Optionally, when the above blend of extender polymer composition and fluoropolymer composition are applied to fibrous substrates, other extender compositions may also be included in the application to obtain some combination of benefits. One example of such an optional additional extender polymer composition is that disclosed in co-pending U.S. Provisional Application 60/607,612, filed Sep. 7, 2004 (CH-2996). When such an optional extender is added to the previously described inventive extender polymer, the percentages given above for the inventive ingredients (a), (b), (c), (d) and (e) shall apply to the total extender polymer composition.

The present invention further comprises a method of treating substrates comprising contacting the surface of the substrate with an effective amount of a composition comprising an extender composition of the present invention as described above and a treating agent which provides a surface effect when applied to a substrate. Preferably the treating agent is a fluorinated polymer. The blended combination is applied to the fibrous substrate to be treated from aqueous dispersions, either alone or in a mixture with other textile treatment agents, finishes or additives as described above. The dispersions are generally applied to fibrous substrates by spraying, dipping, padding, or other well-known methods. After excess liquid has been removed, for example by squeeze rolls, the treated fibrous substrate is dried and then cured by heating, for example, to 100° C. to 190° C., for at least 30 seconds, typically from about 60 to about 240 seconds. Such curing enhances oil-, water- and soil repellency and durability of the repellency. While these curing conditions are typical, some commercial apparatus may operate outside these ranges because of its specific design features. The treated fibrous substrate has a fluorine content of from about 0.05% to about 0.5% by weight.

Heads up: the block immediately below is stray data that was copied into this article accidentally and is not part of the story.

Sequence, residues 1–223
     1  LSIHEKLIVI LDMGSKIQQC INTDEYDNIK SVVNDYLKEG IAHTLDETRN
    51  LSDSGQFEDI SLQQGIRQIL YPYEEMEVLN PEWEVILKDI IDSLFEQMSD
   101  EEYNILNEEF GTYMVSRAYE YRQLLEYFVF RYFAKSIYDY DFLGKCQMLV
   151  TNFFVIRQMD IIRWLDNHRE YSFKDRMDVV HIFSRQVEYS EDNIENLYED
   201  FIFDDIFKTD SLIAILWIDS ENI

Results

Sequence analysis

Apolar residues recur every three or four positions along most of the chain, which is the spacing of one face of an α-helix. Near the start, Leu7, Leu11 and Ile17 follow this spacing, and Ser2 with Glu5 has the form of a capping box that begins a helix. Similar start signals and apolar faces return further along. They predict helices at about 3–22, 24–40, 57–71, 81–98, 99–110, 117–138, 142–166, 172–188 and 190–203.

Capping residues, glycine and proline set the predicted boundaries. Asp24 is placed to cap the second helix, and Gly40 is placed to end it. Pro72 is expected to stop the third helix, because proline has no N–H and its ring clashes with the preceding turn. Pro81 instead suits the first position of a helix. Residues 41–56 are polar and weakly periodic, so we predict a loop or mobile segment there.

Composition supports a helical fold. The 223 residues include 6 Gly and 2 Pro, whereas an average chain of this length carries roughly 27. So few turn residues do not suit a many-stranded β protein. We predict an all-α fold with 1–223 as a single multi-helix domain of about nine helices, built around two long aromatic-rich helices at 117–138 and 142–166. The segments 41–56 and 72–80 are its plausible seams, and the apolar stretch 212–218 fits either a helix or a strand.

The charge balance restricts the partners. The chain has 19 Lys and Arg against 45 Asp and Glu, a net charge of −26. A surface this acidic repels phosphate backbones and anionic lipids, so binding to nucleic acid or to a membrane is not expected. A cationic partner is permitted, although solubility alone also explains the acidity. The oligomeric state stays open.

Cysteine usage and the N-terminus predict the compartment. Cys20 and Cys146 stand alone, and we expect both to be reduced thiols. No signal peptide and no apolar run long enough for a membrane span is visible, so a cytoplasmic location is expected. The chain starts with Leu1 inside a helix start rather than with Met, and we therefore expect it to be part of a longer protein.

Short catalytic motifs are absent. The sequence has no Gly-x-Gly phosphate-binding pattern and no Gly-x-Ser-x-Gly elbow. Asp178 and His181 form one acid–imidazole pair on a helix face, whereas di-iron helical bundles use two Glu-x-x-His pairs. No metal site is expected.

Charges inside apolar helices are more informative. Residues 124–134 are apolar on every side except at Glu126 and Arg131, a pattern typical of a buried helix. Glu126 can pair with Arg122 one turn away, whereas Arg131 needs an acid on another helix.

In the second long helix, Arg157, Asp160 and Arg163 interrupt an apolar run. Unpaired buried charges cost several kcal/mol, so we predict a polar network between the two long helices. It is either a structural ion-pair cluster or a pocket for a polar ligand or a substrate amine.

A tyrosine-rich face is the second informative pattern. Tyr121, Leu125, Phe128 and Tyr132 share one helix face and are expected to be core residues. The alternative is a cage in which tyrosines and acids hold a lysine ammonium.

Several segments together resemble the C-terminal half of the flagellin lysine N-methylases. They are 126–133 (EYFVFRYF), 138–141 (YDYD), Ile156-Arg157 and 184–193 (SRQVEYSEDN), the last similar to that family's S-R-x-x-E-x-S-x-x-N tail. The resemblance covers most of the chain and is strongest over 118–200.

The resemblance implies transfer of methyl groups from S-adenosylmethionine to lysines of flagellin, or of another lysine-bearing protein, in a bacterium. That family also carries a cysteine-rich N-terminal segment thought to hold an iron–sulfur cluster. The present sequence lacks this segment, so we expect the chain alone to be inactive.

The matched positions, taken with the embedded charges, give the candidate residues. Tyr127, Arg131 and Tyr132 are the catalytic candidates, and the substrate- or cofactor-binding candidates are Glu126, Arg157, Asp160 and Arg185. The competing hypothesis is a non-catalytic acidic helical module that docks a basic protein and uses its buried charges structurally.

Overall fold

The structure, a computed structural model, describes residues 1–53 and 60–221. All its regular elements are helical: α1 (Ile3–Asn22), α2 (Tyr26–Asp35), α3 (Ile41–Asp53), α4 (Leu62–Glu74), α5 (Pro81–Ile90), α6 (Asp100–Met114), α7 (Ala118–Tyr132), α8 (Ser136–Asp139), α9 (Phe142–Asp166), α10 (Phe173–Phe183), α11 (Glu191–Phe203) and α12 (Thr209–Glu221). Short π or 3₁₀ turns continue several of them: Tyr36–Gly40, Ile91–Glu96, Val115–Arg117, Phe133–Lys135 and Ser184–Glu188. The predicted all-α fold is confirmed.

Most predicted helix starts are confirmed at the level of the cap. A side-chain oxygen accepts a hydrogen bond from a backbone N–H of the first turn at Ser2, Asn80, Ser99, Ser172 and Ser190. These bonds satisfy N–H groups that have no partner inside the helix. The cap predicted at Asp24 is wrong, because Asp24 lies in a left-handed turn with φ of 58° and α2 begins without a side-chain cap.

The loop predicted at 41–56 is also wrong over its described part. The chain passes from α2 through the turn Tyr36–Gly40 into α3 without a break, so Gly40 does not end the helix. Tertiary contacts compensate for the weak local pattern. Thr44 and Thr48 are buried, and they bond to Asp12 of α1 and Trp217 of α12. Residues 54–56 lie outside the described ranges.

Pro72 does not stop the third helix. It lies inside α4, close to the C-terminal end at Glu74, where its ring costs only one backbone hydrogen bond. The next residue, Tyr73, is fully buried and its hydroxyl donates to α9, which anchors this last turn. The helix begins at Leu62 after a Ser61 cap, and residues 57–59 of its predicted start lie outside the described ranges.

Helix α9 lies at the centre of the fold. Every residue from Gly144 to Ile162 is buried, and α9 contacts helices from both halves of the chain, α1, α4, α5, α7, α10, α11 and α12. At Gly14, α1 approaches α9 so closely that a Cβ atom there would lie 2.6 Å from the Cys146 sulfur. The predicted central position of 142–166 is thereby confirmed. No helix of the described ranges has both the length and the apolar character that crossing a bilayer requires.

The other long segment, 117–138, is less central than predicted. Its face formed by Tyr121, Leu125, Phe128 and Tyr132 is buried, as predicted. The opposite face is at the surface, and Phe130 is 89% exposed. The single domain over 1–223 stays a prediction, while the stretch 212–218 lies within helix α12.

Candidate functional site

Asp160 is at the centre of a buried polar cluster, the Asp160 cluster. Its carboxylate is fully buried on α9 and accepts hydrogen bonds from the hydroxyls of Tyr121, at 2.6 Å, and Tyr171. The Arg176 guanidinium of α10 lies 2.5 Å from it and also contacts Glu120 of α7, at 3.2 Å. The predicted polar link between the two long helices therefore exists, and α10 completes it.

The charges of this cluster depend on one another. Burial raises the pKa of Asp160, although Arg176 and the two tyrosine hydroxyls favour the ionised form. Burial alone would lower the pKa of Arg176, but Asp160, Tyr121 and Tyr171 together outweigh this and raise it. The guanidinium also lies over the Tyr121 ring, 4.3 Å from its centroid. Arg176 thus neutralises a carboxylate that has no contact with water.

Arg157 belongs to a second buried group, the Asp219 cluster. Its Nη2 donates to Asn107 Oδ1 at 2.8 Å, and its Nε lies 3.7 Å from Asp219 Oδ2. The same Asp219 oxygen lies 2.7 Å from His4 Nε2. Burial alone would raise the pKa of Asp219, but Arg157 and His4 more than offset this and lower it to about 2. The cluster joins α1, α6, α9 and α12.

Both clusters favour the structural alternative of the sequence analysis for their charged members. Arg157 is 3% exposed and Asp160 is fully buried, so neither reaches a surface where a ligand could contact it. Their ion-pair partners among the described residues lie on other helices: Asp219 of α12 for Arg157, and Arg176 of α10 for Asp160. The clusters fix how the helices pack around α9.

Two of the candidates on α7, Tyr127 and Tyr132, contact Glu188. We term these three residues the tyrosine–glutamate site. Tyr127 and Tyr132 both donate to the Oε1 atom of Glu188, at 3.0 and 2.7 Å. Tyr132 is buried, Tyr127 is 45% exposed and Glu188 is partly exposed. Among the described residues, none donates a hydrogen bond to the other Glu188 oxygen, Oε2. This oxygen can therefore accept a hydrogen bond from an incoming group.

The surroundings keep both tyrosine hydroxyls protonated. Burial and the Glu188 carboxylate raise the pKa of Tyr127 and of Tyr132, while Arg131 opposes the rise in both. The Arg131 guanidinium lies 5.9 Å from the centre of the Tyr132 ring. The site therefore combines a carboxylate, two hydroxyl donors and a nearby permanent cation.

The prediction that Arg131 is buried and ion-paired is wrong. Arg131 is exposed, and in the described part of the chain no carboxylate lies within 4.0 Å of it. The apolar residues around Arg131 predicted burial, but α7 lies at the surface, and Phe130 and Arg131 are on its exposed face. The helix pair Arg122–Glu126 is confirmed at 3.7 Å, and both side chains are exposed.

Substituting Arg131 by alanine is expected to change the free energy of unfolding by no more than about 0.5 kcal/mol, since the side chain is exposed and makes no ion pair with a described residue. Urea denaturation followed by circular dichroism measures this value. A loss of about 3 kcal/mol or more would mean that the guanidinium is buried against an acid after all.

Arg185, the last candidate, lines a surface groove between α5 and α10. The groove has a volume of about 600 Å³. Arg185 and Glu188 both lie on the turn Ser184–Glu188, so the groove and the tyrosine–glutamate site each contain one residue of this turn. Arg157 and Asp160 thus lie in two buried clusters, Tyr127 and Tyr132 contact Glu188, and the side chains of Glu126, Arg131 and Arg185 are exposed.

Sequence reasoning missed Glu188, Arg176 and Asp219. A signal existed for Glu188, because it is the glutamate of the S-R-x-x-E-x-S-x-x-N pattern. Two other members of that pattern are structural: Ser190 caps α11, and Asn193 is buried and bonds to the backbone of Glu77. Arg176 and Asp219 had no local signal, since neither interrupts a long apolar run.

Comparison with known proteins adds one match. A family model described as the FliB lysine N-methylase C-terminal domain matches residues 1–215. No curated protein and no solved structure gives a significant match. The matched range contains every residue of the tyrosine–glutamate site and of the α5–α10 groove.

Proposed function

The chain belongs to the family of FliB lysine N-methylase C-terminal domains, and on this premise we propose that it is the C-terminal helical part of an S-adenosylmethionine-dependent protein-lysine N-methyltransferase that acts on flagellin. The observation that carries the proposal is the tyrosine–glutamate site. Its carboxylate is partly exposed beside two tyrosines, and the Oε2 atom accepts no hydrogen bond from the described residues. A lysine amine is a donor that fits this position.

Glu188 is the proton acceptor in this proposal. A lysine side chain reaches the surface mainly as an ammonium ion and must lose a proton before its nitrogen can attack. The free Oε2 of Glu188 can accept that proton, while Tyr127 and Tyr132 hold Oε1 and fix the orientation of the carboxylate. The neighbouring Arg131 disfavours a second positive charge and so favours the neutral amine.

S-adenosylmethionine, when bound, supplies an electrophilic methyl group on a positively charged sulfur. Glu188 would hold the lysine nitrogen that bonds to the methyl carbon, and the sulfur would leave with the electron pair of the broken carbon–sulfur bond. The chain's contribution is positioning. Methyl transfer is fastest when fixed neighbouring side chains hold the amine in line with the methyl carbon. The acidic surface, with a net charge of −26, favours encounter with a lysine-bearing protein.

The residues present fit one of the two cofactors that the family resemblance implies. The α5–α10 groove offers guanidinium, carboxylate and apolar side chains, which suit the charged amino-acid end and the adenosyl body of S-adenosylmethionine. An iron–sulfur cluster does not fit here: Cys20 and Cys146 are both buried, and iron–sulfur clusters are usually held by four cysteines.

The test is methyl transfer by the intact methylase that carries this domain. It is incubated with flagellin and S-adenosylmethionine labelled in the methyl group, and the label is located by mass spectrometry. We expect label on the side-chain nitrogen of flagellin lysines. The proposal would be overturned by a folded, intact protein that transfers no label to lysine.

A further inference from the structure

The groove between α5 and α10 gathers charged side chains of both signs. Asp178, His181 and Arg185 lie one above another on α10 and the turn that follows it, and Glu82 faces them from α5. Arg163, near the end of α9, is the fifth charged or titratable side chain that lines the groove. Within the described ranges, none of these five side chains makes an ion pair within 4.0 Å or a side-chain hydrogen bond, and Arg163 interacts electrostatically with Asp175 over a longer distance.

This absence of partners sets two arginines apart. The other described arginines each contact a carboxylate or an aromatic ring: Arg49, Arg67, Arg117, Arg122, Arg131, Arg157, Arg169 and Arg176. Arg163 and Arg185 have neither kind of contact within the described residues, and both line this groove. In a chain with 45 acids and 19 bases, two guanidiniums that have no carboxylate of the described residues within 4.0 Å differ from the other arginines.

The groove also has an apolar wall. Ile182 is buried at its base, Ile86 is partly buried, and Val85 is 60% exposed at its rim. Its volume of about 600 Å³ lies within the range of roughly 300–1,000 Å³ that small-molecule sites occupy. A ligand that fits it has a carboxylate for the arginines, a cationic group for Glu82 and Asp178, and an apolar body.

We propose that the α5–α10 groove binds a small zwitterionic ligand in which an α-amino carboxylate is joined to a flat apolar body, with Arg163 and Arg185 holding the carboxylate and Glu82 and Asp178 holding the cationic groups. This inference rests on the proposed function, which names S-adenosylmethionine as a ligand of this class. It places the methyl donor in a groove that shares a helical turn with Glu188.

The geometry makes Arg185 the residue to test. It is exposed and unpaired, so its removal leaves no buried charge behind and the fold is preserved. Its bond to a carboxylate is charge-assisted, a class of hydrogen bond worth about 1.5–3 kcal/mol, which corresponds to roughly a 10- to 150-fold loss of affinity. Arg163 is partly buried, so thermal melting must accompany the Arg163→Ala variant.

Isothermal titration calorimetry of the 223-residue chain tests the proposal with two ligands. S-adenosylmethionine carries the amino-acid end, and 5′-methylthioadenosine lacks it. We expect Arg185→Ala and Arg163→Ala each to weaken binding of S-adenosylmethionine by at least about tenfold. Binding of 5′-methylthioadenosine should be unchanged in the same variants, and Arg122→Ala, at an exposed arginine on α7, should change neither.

The present invention further comprises substrates treated with the above-described composition comprising i) a treating agent which provides a surface effect and ii) the extender copolymer of the present invention as described above. The composition also can contain optional agents to provide additional surface effects as described above, optional additives commonly used in treating substrates as described above, optional blocked isocyanate as described above, and optional additional distinct extender compositions. As previously noted such substrates include fibers, paper, nonwovens, leather, textiles, and fabrics or fabric blends. “Fabrics” includes natural or synthetic fabrics composed of fibers of cotton, rayon, silk, wool, polyester, polypropylene, polyolefins, nylon, and aramids such as “NOMEX” and “KEVLAR.” By “fabric blends” is meant fabric made of two or more types of fibers. Typically these blends are a combination of at least one natural fiber and t least one synthetic fiber, but also can be a blend of two or more natural fibers or of two or more synthetic fibers. Preferably, the substrate has been treated with a composition comprising an extender composition of the present invention and a fluorinated polymer such as a polyurethane or poly(meth)acrylate.